Build Your Own Rabbit Cage and Save

It may be less expensive to build your own rabbit cage. Buying ready-made cages, especially if they are large or elaborate can be quite expensive.

How many rabbits are you trying to house? Each adult rabbit should have their own space. Rabbits are territorial once they hit maturity and they may fight.

When you build your own rabbit cage the general rule of thumb is to provide one square foot of space per pound of adult rabbit. This means if you have a six pound rabbit (breeds like Dutch, English Angora, Standard Chinchilla, English Spot, Florida White and more) you'll need a cage that is 2 feet by 3 feet. This gives the rabbit plenty of room to move around.

Indoor cages can sit on the floor. You'll want to purchase a tray large enough to catch any droppings and urine unless your rabbit is litter box trained. You can get specially shaped triangular litter pans that fit nicely in rabbit cages.

Outdoor cages are usually a couple of feet off the ground. This lets the droppings and urine exit the cage to the ground.

Make sure you get strong welded wire for your cage. You want ½ inch by 1 inch for the floor and 1 inch by 2 inch for the rest of the cage. Doors can be cut and attached with hog rings or J-clips. You can hinge your door from the top, the side or the bottom, whichever you prefer.

Outdoor cages should have at least two solid sides to offer protection from the weather. In colder areas, three sides are better. You can put wire on all four sides and then add an outer layer of wood for protection. The wire will prevent the rabbit from chewing on the wood or soiling it with urine.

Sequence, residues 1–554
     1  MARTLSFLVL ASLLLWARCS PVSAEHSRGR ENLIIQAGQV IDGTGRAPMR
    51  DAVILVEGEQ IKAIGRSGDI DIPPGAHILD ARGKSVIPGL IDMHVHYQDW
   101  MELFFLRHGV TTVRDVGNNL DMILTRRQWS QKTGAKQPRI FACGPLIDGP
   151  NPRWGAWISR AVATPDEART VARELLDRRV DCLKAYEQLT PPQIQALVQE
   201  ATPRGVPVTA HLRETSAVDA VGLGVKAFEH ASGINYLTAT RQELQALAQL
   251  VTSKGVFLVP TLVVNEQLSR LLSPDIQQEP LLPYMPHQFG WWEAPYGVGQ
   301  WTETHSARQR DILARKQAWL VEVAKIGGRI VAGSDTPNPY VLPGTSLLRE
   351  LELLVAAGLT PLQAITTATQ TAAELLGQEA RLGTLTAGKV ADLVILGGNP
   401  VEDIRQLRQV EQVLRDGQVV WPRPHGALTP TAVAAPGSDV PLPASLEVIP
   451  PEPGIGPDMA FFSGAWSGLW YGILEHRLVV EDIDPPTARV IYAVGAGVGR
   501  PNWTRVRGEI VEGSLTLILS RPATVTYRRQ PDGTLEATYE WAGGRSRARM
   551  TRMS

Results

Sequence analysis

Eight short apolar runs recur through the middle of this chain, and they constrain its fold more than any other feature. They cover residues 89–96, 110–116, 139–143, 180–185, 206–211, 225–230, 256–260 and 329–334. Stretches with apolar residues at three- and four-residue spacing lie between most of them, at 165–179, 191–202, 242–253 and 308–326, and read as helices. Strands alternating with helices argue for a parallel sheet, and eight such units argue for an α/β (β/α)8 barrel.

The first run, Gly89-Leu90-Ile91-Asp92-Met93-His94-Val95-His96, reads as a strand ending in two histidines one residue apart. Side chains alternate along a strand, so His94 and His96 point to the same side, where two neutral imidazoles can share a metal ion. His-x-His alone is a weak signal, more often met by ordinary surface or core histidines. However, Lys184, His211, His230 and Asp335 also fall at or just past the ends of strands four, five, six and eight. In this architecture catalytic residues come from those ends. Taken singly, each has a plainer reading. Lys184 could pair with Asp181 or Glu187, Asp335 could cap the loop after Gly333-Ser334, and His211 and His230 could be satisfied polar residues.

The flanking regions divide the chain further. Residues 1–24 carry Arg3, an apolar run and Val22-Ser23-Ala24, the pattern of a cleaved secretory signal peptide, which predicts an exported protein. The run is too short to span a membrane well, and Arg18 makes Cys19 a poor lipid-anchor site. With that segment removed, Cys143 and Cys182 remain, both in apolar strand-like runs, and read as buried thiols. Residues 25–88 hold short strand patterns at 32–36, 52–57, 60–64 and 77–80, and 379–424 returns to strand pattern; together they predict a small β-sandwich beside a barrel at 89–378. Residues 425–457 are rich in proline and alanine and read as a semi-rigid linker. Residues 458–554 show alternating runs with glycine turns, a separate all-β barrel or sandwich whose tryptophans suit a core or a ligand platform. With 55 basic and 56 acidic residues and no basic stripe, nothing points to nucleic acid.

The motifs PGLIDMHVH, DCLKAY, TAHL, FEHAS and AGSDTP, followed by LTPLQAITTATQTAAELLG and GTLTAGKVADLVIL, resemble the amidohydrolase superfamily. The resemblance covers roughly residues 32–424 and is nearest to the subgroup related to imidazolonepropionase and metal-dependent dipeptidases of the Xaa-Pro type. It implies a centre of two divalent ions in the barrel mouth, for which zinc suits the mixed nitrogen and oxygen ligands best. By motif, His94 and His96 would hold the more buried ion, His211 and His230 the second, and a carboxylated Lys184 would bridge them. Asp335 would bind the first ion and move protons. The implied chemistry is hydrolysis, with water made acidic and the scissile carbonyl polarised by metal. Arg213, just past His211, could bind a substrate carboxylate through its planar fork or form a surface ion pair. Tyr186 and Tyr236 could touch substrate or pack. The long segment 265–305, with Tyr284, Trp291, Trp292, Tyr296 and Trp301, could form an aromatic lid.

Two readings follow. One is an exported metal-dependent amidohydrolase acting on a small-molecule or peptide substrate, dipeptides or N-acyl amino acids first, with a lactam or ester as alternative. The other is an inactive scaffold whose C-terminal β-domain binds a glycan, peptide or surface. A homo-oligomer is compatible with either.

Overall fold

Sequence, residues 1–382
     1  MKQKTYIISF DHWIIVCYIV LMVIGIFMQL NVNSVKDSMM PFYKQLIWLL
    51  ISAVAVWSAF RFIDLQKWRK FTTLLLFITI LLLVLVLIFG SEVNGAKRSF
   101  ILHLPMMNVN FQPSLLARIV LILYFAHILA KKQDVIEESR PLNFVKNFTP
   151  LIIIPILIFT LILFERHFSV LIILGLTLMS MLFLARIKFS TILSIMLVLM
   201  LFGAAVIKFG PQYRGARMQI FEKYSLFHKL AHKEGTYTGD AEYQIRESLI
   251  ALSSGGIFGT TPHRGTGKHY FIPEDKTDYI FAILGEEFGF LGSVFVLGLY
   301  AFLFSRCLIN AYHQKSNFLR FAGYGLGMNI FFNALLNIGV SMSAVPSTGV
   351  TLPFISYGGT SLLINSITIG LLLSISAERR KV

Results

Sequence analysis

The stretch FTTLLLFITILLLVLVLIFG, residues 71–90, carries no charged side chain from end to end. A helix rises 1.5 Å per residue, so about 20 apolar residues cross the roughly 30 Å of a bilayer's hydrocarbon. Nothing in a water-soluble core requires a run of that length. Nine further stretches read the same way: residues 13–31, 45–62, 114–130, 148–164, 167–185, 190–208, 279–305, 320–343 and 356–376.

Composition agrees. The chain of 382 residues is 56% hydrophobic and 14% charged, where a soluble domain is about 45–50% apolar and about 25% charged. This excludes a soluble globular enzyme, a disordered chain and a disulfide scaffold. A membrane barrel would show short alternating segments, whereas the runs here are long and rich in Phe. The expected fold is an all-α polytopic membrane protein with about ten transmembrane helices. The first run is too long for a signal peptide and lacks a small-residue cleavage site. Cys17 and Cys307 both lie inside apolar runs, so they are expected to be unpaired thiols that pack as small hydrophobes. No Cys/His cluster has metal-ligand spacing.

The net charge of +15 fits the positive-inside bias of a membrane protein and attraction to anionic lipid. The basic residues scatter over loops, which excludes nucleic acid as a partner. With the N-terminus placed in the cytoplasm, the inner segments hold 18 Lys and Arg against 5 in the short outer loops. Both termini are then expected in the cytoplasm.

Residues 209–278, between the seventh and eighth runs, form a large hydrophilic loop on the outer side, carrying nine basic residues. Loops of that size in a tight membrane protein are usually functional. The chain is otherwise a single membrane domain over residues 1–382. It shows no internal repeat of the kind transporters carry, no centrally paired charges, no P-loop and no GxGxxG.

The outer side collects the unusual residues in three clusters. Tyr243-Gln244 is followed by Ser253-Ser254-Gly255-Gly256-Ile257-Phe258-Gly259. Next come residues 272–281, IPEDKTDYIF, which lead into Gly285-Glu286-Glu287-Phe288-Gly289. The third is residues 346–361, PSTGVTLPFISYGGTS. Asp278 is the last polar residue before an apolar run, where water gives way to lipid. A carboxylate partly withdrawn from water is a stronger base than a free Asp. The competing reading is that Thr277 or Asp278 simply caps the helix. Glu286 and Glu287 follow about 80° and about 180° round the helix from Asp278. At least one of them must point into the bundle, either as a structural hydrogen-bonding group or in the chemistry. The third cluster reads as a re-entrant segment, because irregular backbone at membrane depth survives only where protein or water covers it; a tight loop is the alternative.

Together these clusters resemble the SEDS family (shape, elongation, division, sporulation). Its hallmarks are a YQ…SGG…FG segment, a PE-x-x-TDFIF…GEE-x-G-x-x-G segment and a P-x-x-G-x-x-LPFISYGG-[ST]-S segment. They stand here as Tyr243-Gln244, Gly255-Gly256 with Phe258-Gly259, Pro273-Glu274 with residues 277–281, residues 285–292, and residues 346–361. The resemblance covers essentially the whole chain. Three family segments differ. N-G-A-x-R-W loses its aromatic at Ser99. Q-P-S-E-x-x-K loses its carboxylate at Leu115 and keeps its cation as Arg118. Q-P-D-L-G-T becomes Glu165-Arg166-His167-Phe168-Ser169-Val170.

When you build your own rabbit cage the roof should be slanted so rain and snow can be removed easily. Cover the roof with something waterproof. You may choose felt paper and shingles, corrugated fiberglass or durable tarp. Make sure the roof is large enough to offer an overlap to keep rain from entering the cage.

The front of the cage should offer enough space for the door and food and water containers. Some people prefer to offer their rabbits food and water in heavy crocks, but they can soil their food and water this way. A J feeder that attaches through the wire works well, as do water bottles. You can also attach a hay rack to the outside if you wish. You put the hay in the hay rack and the rabbit can pull the hay through the wire, giving them entertainment as well as food.

The framing can easily be done with 2 by 2s. They are sufficiently strong to support your rabbit cage. When you are designing the cage, make sure you can reach the rabbit easily no matter where they may be located in the cage. Rabbits need regular handling and grooming.

Once you build your own rabbit cage, set it up in a sheltered spot. Keep track of where the sun hits during the various seasons. Rabbits don't fare well in the heat. Some extra shelter from trees may help during storms as well.

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